When I first went to the Sea Otter Classic it was a mountain bike event with a couple of road events plus a couple of banquet tables with wine tasting and patch repair kits to keep bored spectators occupied while their friends finished their events. The event was also in March and if it wasn’t raining, it was foggy. Which, to be honest, was still better than say Ithaca.
Fast forward 20 years and if I hadn’t promised people I’d do the ebike race, I’d have been entirely too busy to get on a bike. I’m a cyclist. It’s a bike event. To say that I was too busy to ride bikes is, at root, a terrible misappropriation of priorities, isn’t it? But at a certain level that’s been a necessary and even helpful transformation of the event. More and more brands are holding small events ahead of the Classic to introduce products or having press events during the event to show off stuff that wasn’t ready for prime time at Interbike. And it makes sense. Sea Otter is spring Interbike with consumer days. Generally speaking, you’re a pretty dedicated racer if you’re there Thursday or Friday, which makes it perfect for holding a meeting with a manufacturer. Saturday and Sunday are a zoo, but in the best possible way.
From little people to big, there are bikes for everybody.
There’s so much for kids and families now, it pains me not to be there with my family. Next year; I vow that next year I’ll take a few days with the whole fam. The bean bag games, which I saw at several different locations, were fun pack-fill. Not even the good stuff.
By modern standards, this ti GT Xixang is ancient, but it’s still in perfect working order, but with disc mounts added.
But part of the attraction of going to Sea Otter, for me, anyway, is seeing what people bring, the way they telegraph their affinities, affiliations. If the bike is our church, then Sea Otter is the Unitarian Universalist of congregations. All are welcome, encouraged, celebrated.
Topeak showed off some new pumps including one that can store a large volume of air for seating tubeless tires.
Lezyne added to their line of shop tools with these Allens.
They also showed off this multitool aimed specifically at mountain bikers with tools like a disc spreader and CO2 adapter.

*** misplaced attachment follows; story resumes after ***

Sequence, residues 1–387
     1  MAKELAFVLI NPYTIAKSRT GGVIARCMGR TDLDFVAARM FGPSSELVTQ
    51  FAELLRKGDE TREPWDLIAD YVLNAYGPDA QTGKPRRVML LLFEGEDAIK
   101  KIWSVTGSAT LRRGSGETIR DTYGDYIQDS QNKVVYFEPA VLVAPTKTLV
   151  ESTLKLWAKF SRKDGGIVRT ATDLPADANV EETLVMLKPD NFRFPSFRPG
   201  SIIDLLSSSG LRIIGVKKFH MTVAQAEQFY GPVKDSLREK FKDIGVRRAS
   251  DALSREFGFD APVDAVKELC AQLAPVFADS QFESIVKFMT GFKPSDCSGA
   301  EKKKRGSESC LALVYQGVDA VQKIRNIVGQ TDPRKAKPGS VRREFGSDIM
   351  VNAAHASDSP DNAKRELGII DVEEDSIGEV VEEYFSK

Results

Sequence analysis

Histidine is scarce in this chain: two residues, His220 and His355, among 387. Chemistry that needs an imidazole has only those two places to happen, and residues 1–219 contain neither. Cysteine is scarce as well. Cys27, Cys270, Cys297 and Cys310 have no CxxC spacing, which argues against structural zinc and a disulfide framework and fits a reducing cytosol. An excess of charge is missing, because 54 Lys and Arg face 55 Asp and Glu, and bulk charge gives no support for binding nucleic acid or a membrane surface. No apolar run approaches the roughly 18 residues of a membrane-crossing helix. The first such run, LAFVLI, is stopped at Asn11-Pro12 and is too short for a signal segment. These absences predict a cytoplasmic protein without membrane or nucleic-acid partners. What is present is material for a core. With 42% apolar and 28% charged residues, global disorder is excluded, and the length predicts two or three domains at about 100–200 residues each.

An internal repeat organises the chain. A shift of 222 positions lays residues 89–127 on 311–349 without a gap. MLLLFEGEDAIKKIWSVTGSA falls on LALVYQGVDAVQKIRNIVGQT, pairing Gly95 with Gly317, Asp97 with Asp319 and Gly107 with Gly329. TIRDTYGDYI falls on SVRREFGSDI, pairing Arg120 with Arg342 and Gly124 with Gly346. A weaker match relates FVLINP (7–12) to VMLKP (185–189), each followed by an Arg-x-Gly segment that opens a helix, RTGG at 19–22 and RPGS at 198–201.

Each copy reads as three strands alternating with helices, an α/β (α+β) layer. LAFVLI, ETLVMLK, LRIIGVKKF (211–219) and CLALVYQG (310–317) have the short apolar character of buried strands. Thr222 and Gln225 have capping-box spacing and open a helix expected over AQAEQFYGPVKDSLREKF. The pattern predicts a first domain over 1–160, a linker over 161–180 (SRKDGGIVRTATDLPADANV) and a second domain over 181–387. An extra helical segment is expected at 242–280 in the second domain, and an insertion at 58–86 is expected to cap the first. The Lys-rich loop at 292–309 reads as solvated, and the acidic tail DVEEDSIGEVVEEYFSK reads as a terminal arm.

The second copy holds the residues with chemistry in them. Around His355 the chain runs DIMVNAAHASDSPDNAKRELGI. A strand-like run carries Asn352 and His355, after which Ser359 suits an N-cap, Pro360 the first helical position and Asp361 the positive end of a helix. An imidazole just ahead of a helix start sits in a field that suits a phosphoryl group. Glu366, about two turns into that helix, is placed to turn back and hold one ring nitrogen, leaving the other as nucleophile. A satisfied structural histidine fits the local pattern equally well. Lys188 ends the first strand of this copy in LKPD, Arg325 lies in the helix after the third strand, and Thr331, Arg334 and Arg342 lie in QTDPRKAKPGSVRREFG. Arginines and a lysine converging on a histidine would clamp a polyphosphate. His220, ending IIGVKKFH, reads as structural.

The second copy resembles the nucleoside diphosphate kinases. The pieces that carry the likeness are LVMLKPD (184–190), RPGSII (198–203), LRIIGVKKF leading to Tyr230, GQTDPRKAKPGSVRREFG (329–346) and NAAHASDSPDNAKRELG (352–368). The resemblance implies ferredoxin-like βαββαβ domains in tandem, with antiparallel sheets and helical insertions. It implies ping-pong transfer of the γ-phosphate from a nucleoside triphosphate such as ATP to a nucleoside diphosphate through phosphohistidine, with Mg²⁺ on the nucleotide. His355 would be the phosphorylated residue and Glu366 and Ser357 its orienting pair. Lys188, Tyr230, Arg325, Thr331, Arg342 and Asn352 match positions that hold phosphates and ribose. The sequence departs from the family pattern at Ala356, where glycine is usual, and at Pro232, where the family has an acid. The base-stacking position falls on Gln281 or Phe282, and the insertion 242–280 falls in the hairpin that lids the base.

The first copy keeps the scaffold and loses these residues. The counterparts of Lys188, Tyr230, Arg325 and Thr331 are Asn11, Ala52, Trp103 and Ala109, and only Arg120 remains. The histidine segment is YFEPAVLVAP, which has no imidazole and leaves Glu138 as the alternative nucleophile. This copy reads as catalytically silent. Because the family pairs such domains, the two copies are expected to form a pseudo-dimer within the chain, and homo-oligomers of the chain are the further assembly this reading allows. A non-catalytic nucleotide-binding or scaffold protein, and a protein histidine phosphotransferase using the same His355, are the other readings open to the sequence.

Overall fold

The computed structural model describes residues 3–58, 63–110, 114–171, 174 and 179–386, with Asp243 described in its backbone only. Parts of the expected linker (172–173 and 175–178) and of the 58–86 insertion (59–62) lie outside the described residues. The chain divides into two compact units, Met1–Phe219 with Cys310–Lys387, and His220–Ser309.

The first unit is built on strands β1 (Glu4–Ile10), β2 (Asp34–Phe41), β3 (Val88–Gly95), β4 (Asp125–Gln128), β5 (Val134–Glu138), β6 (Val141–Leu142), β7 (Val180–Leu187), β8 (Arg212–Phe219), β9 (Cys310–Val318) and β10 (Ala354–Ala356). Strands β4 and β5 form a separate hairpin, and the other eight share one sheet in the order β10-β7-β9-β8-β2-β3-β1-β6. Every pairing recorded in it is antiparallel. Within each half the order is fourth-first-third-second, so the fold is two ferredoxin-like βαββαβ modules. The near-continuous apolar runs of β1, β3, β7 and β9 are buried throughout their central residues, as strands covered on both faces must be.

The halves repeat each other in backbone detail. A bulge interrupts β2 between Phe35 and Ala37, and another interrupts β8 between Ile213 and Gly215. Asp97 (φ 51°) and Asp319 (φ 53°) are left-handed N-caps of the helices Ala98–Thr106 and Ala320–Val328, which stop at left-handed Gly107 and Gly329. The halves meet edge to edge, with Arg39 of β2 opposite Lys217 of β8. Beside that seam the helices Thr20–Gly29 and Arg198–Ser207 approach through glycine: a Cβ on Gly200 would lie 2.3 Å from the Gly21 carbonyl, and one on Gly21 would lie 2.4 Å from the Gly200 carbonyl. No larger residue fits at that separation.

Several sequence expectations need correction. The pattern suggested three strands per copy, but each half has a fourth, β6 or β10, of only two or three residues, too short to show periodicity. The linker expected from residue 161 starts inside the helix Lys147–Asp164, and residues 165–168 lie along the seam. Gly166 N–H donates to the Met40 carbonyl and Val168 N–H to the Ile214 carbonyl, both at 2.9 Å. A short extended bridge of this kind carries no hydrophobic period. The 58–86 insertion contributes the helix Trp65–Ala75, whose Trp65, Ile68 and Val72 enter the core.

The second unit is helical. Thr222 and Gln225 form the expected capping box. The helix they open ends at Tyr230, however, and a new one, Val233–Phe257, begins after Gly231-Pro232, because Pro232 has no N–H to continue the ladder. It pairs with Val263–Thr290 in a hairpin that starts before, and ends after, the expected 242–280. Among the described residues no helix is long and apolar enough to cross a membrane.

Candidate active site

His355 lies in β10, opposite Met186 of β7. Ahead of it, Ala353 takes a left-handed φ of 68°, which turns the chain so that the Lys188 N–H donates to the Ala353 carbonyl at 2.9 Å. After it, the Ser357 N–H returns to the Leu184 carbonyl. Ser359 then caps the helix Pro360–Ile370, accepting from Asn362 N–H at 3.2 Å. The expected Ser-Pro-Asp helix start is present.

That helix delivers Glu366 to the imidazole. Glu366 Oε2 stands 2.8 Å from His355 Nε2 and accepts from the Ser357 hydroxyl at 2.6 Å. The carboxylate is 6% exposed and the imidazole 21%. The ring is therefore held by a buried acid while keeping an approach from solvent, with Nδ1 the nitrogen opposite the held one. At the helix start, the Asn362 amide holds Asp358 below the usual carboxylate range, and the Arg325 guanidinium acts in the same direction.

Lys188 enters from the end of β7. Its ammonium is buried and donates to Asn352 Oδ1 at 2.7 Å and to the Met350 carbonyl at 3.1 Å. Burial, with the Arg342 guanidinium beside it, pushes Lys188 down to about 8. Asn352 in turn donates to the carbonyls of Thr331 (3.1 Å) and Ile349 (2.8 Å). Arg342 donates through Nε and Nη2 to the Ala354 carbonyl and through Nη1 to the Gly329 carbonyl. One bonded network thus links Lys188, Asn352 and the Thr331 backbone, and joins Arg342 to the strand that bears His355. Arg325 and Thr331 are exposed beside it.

The finish on this downhill pedal from Xpedo caught my eye, but I realized that the pedal would be handy for any offroader.
Loaded touring is coming back and Ortlieb, always a leader in this category, showed off some excellent and colorful bags.
The Lauf fork wasn’t a hit last fall on MTBs. But on gravel bikes like this from Masi, it got a different reception.
Eagle has landed. Sorry. It evokes a 1970s Camaro with its black and gold; this is one 1x setup that will shut even me up.
Alchemy showed off a new bike, the Hyas, an adventure road bike with discs and adaptable routing for electronics or cables.
Rolf Prima introduced three new wheels led by this 1295g (set) road clincher, the EOS 3—American made carbon for $2799.
The Alsea + is a new super lightweight, plus-sized version of their impressive Alsea carbon wheel.
Scott showed off a Foil as set up for Matthew Hayman’s recent win at Paris-Roubaix. Yep, it fits 28s.
Brooks showed off new saddles that no longer require break-in. The Cambium, left, goes lightweight with carbon rails.
Brooks is doing some lights in cooperation with Lezyne and showed off some new bags including one for the frame.
Masi is killing it. I didn’t catch this amazing touring bike at Interbike. Touring rigs need stout tubing and brazeons aplenty.
Kali gets our good guy award with their helmet trade-in program. I saw folks handing in stuff you couldn’t call a helmet.
Ergon showed off some new saddles for mountain biking with a change to the foam for more comfort on long days.
Ortlieb, once known for exclusively making traditional panniers, has expanded into bike packing bags.
Cycliq, the makers of a rear-facing camera showed off the just in production combination video camera and headlight.
With so much to do, people sometimes struggled to choose what was next.